There will be a new look behind the plate this season. After thirteen years, Mike Lieberthal has moved on to Los Angeles and backup Sal Fasano is trying to catch on with the Blue Jays. Lieberthal wasn't the greatest catcher in Phillies history, but he's part of the discussion along with Bob Boone and Darren Daulton. He's certainly better than Rod Barajas. On the other hand, the not-quite Blue Jay is five years younger than Lieberthal and a better bet to stay in the lineup. The Phils have some depth here. Both Carlos Ruiz and Chris Coste made their belated major league debuts in 2006 (Ruiz was 27 years old, Coste 33) and both gave a decent account of themselves. The Phils see Ruiz as Barajas' backup, while Coste should serve as a third catcher and pinch hitter.

Lots of people thought Ryan Howard was going to be good, but really... no one expected this. In his first full season, Howard won an MVP award. That doesn't happen very often, but 58 HRs and 149 RBI will get you noticed. Howard was blocked behind Jim Thome for so long - he's already 27 years old - that he arrived on the major league scene fully-formed, like Athena from the brow of Zeus. There aren't very many nits to pick. Let's see... he's not a great first baseman at the moment, but then again he is an excellent athlete for a man his size. I mean, the man can actually leap for the bad throw, which is a startling thing to see, in the same way that watching a building move catches you by surprise. What else... well, in his previous trials at the major league level he had been baffled by left-handed pitching - but then again, not so much last year (.279 and 16 HR in 197 at bats.) We do know that National League pitchers and managers quickly came to their own conclusions about Howard - only two men in history have received more intentional walks in a season than Howard was given last year: Barry Bonds (five times) and Willie McCovey (twice).

Having dumped Ed Wade's big contracts, Gillick handed out one of his own this off-season, backing up a truck to Chase Utley's door and unloading $85 million dollars (over the next seven years). This seems a bit of a head-scratcher to me. Utley, who just turned 28, is indeed one hell of a player and he's coming off two terrific seasons. He also plays a key defensive position, adequately if not brilliantly. On the other hand, the Phillies already controlled him for the next three seasons (with just over three years of service, he won't be eligible for free agency until after 2009). And so the Phils will be paying Utley $15 million a year from 2011 through 2013, his age 32-34 seasons. Will he still be a second baseman seven years from now? Well, I guess it's more likely than Pat Gillick (who will be 70 years old this August) still being the GM in seven years. But not much. Still, none of this means anything for 2007, and people have won MVPs for seasons nowhere near as impressive as what Utley did last year.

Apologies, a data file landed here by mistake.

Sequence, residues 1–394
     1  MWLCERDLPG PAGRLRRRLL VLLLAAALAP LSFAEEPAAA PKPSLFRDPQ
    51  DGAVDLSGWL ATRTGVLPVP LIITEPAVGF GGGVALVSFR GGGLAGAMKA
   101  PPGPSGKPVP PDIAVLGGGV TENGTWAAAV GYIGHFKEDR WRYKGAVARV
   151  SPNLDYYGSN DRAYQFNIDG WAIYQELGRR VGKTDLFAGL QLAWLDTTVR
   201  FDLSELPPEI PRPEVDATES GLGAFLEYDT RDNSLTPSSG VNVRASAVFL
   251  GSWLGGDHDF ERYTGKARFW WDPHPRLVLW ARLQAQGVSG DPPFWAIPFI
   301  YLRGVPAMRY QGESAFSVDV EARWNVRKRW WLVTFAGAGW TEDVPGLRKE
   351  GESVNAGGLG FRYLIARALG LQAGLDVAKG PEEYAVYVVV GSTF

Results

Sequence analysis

2006 seemed like a quiet year for Jimmy Rollins, who you'll recall closed out the 2005 season with a 31 game hitting streak. Last year everyone was talking about the two other guys in the infield, Howard and Utley, who simply exploded on the league. Meanwhile Rollins saw his batting average fell to .277 and he didn't make it back to the All-Star Game. Oh dear, oh dear. He did manage to sock 79 extra base hits (establishing new career highs with 45 doubles and 25 homers), which helped him drive in 83 runs, also a career best. He did this notable work from the leadoff spot. In the National League. He also drew a career best 57 walks, which helped him get on base often enough to score 127 runs. He stole 36 bases and was caught only four times. He never misses a game. What's not to like?

The Phils appear to believe that the rest of their infield is so good, that it doesn't much matter who plays third base, although I'm sure they'd be happiest if Mike Schmidt suddenly showed up relaxed, refreshed, twenty years younger, and ready to go to work. Even so, they were sufficiently concerned by Abraham Nunez' non-performance with the bat last season to bring in a little help. Wes Helms had by far his best major league season coming off the Florida bench last season, and the Phillies rewarded him with a two year deal for $5.45 million. Between Helms and Nunez, the Phillies may be able to scrape together a decent player. Helms is no great shakes with the glove, and probably not really as good a hitter as he was last year. But he will hit more than Nunez, who will most likely be spending much of the upcoming season coming off the bench to replace Helms for defense. Nunez can also backup Utley and Rollins, not that those two guys ever miss a game.